Quinn's jail privileges show touch of class
In 2005, the inspectorate, which is often harshly critical of conditions in the system, called the unit “a very good service to prisoners . . . those of them who wish to partake in work training, education or whatever line they wish to follow are encouraged, supported and helped all the way”. Conditions have deteriorated somewhat since then because of overcrowding and staff reductions, but the unit is still the Ritz of the prison world.
So why does Seán Quinn get to serve his time there? The official description of the purpose of the unit runs as follows: “The main focus of the Training Unit is to provide industrial training and education to prisoners, assisting them in securing employment on release . . . The majority of the prisoners have served a greater part of the sentence in other prisons and then transferred as part of a planned sentence programme.” The unit also has a secondary purpose – as a safe place for prisoners with a history of substance abuse who are completing a detox programme.
What the unit is emphatically not supposed to be for is prisoners serving short sentences. The 2005 prison inspectorate report (the only one I can find that gives a detailed breakdown of the nature of the inmates) shows that of the 96 prisoners then in the unit, none was serving a sentence of less than six months and just one was serving a sentence of less than a year. By contrast, 58 were serving sentences of four years to life. It is quite clear the primary function of the unit is to act as a bridge back into society for long-term prisoners.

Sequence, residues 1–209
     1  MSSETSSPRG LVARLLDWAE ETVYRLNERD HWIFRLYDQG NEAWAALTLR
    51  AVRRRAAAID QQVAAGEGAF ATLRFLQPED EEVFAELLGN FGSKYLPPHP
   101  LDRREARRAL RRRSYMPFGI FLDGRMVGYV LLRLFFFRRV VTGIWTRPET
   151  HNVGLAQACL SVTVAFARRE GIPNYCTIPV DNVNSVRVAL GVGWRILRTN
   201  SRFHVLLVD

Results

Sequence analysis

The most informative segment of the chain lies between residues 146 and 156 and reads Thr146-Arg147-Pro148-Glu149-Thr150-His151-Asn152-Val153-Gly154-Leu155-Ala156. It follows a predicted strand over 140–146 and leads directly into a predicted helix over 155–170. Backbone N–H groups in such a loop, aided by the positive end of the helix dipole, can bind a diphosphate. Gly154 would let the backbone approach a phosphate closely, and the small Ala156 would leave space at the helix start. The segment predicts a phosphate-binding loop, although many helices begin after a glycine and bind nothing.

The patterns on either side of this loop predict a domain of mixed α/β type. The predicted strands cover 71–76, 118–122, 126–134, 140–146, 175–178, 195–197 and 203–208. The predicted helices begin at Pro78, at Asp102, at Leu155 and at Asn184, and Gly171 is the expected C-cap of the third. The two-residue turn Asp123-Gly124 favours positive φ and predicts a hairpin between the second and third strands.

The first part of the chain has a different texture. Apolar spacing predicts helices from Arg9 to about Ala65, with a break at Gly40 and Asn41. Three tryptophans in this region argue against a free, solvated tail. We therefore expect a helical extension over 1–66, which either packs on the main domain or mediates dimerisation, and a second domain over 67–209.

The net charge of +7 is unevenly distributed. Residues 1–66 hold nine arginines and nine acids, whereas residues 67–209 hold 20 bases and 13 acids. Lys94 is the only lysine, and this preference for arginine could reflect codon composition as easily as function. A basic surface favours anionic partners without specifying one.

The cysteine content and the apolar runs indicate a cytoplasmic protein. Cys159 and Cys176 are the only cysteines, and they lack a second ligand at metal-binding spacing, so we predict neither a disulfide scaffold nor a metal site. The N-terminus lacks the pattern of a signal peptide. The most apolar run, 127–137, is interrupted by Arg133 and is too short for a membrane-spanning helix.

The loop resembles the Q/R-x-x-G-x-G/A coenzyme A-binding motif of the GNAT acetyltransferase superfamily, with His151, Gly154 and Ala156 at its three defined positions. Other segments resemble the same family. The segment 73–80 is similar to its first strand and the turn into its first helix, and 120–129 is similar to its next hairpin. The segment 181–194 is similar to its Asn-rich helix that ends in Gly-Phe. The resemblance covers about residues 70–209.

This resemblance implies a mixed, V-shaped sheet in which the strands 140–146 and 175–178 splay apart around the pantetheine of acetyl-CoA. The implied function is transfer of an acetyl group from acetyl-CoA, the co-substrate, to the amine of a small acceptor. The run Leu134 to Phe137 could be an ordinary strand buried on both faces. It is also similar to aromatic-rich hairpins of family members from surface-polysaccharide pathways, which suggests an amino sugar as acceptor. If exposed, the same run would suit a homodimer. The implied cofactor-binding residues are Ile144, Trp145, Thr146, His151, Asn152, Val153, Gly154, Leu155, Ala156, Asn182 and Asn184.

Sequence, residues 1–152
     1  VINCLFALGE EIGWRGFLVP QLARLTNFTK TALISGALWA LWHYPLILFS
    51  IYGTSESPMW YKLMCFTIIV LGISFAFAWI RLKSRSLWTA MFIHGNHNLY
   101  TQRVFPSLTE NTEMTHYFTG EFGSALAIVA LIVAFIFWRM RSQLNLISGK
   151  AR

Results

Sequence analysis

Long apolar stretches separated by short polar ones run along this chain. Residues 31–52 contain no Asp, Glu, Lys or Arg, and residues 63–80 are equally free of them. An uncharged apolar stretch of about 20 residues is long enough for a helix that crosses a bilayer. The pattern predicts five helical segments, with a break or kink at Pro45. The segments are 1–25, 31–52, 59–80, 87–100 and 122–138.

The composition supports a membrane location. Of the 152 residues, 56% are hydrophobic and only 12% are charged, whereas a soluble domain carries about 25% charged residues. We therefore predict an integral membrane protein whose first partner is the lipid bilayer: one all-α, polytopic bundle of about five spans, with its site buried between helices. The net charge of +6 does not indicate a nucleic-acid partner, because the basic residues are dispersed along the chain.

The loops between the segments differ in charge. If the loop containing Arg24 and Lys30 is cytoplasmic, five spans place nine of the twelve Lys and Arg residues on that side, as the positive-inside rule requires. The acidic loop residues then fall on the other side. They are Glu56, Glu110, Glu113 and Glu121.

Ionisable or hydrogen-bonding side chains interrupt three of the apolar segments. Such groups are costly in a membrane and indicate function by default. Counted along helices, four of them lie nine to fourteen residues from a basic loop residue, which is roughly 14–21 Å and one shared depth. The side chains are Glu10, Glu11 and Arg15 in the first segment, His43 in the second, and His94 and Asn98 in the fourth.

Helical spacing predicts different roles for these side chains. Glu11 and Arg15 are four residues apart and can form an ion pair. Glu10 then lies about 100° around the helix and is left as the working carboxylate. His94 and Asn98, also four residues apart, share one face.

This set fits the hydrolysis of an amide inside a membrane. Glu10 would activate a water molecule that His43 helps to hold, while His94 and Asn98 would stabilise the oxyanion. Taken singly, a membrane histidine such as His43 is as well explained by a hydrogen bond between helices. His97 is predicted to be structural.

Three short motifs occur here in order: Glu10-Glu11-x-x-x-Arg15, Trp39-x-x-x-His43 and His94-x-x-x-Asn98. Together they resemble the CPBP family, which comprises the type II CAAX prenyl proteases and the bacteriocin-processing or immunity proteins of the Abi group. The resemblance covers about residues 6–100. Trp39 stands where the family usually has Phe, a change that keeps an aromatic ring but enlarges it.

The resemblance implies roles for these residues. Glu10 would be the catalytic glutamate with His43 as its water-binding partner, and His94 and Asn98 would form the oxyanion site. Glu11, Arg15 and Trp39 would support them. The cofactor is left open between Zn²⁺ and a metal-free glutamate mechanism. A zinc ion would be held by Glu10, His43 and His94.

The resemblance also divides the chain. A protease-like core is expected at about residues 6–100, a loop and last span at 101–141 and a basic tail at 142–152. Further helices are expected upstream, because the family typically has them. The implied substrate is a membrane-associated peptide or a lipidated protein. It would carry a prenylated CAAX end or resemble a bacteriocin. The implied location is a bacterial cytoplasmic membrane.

Seán Quinn is not serving a long sentence – he’s in for three months. He’s not recovering from substance abuse. He is not in need of training: he’s a very well educated businessman. There is nothing to suggest he was assessed in Mountjoy and deemed to be especially in need of the specific and highly privileged facilities of the Training Unit: he was in Mountjoy for one night.
But because Quinn is there, someone else isn’t. Statistically, that anonymous someone is probably badly educated, from a poor urban background and caught up in drugs. The unit houses just 117 inmates – a tiny fraction of the 4,000-plus male prison population. Almost every one of those 4,000 men wants to be where Quinn is, and many of them are on the waiting list to get in. But they’re from the wrong class and they committed the wrong sort of offence. Even in prison, there are two Irelands and two kinds of crime.